In Australia, major cleaning companies responded, increasing wages and signing up to a "responsible contractor" policy that embraces unions. Across the Tasman, the unions say, similar approaches have run against a brick wall. "They say that while cleaning companies contracted by AMP and the Commonwealth Bank in Australia have agreed to work co-operatively with the LHMU, the same companies cleaning AMP's building in New Zealand "are prepared to fight the union to the death".

Denmark's ISS is working with the LMHU in Australia and is regarded in Europe as a good employer, in 2003 signing a global framework agreement with unions promising co-operative relationships wherever they operate. In New Zealand, the SFWU says, ISS is leading the charge to sideline the union.

Britain's OCS, which has signed a "fair share" deal with UK unions and is working with the LHMU in Australia, has yet to take a similar stance in New Zealand.

"It's pretty amazing, really," the SFWU's Mr Ryall said. "When we look at the companies that operate in Australia and New Zealand, they take a completely different approach in Australia than they do here.

"At the moment these companies in New Zealand are paying 5c an hour above the minimum wage: $10.30 an hour. The rates in Australia, in a less regulated environment, are between A$17 and A$18 an hour.

"All those major companies in Australia signed off to what we call a responsible contractor policy, which recognised the union as a major player in the sector and that it has a very important role, that they represent workers collectively and that they're part of a strategic alliance with the contractors and property owners to improve the lives of the cleaners."

In New Zealand the SFWU says efforts to reach the same agreement have fallen flat. Mr Ryall said the union had spoken to the industry body, Building Services Contractors of NZ, and with individual companies, without success.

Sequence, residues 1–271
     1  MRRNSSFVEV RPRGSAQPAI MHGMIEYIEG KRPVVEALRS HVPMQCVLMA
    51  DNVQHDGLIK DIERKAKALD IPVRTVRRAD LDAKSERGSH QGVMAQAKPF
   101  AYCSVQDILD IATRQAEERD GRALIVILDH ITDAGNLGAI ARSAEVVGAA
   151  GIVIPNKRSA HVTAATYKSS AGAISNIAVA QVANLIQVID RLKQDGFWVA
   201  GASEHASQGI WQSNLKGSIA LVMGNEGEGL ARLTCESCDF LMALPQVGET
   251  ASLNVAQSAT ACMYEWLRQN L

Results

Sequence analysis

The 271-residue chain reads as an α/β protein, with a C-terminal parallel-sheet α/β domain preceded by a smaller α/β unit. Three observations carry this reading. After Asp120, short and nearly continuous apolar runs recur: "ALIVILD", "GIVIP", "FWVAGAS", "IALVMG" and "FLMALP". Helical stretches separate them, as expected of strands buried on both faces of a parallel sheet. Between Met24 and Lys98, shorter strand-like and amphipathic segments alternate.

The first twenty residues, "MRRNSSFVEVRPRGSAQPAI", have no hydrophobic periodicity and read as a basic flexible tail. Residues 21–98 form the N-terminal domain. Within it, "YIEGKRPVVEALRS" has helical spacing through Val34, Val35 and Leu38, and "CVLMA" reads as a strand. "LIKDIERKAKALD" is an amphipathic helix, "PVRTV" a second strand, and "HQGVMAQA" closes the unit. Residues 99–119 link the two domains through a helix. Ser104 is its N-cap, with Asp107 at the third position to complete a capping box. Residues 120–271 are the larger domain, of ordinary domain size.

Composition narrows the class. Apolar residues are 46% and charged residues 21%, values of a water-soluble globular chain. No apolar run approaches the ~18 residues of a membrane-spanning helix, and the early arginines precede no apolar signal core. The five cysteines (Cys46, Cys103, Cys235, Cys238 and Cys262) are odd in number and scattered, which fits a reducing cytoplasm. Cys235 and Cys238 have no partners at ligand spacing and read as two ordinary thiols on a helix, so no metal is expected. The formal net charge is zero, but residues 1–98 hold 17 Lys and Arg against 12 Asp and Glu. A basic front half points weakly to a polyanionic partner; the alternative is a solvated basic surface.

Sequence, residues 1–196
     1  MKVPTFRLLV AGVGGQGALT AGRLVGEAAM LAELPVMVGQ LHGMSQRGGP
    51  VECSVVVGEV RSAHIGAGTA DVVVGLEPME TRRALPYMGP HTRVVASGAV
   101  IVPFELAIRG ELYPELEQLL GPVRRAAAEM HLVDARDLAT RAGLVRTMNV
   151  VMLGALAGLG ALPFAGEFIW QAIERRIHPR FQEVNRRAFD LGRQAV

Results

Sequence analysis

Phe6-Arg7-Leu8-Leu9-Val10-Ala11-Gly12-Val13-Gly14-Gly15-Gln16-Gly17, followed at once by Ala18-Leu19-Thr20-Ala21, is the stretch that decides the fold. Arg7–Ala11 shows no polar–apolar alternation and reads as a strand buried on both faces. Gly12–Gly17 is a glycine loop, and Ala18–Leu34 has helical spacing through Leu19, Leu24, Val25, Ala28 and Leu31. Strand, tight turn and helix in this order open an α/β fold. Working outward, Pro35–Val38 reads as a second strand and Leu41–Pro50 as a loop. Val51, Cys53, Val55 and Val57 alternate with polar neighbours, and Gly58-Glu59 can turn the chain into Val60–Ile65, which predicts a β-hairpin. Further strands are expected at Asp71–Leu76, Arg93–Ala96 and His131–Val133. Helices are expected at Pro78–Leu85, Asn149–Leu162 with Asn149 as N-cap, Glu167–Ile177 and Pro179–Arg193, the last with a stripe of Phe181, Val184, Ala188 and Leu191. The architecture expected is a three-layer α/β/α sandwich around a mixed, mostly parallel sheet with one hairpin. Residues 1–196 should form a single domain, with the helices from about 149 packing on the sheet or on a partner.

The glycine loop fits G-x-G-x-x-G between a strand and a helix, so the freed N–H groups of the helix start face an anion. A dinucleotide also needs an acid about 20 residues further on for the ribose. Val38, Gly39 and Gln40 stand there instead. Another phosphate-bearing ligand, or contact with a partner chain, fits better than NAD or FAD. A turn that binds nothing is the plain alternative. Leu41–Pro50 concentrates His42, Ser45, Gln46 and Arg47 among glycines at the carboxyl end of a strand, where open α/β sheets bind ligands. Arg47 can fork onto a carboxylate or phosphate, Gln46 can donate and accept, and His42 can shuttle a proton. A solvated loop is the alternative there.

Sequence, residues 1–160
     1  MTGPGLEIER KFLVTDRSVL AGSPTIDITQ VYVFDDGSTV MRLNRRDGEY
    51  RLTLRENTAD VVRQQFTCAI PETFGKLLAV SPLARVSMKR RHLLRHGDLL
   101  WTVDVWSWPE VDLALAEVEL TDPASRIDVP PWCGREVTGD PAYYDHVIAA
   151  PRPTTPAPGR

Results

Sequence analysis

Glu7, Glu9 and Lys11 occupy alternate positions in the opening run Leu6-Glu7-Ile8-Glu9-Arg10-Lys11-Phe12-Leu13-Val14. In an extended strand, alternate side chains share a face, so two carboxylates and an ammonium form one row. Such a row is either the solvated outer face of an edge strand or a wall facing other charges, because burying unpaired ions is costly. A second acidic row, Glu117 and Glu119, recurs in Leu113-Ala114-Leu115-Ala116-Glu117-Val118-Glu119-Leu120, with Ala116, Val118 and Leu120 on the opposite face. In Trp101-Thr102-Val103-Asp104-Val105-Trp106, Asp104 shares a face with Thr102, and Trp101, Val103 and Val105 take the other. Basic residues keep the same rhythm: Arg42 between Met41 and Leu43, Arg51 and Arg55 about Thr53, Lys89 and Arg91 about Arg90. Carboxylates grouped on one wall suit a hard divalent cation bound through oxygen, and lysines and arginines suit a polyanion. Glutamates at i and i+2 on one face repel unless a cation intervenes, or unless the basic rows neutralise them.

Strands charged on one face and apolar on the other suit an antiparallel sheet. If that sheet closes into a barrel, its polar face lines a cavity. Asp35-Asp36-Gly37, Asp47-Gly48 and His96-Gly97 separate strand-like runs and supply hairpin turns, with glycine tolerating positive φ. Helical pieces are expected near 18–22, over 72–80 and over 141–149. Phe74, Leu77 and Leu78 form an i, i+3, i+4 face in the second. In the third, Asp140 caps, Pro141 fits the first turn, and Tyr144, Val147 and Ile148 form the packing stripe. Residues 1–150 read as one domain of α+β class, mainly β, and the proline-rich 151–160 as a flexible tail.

BSC executive director Marja Verkerk said the industry had traditionally paid well above the minimum wage, but that it had been eroded in the two years since the last multi-employer collective award was negotiated by rises in the minimum wage.

The industry was now looking at ways to close that gap.

Ms Verkerk also said the union position was different in the two countries. In Australia unions represented about 30 to 40 per cent of cleaners, but in New Zealand, while the SFWU remained a major stakeholder, average union representation in contracting companies was about 12 per cent, falling in some cases to as low as 3 per cent.

Ms Verkerk said the industry had not rejected a responsible contractor agreement with a "one-liner" as the union claimed, but had considered after looking at the proposal that most of the points were already covered by the collective agreement, the industry's code of practice, or by legislation - which was not the case in Australia.

The industry considered that signing a responsible contractor policy now would imply - incorrectly - that it accepted it had not previously been acting responsibly.

Ms Verkerk also said the New Zealand industry had for more than 10 years operated an extensive training scheme recognised by the Qualifications Training Authority to improve workers' skills, rising to supervisor level and with plans to add office administration to the scheme. About 800 people were at present training under the scheme.

But in Sydney, LHMU Clean Start regional director Mr Crosby has already been pushing his New Zealand counterpart's case to the contractors' Australian head offices, and is preparing to fly to London and Copenhagen on April 30 to take the Kiwis' complaints to the global headquarters of ISS and OCS.

Mr Crosby sees self-interest as well as altruism in helping his transtasman counterparts: "We have this view that increasingly Australia and New Zealand, because of the closer economic relations agreement, are one market. If you want to get employers treating workers properly in Australia you've got to make sure they're treating workers properly in New Zealand."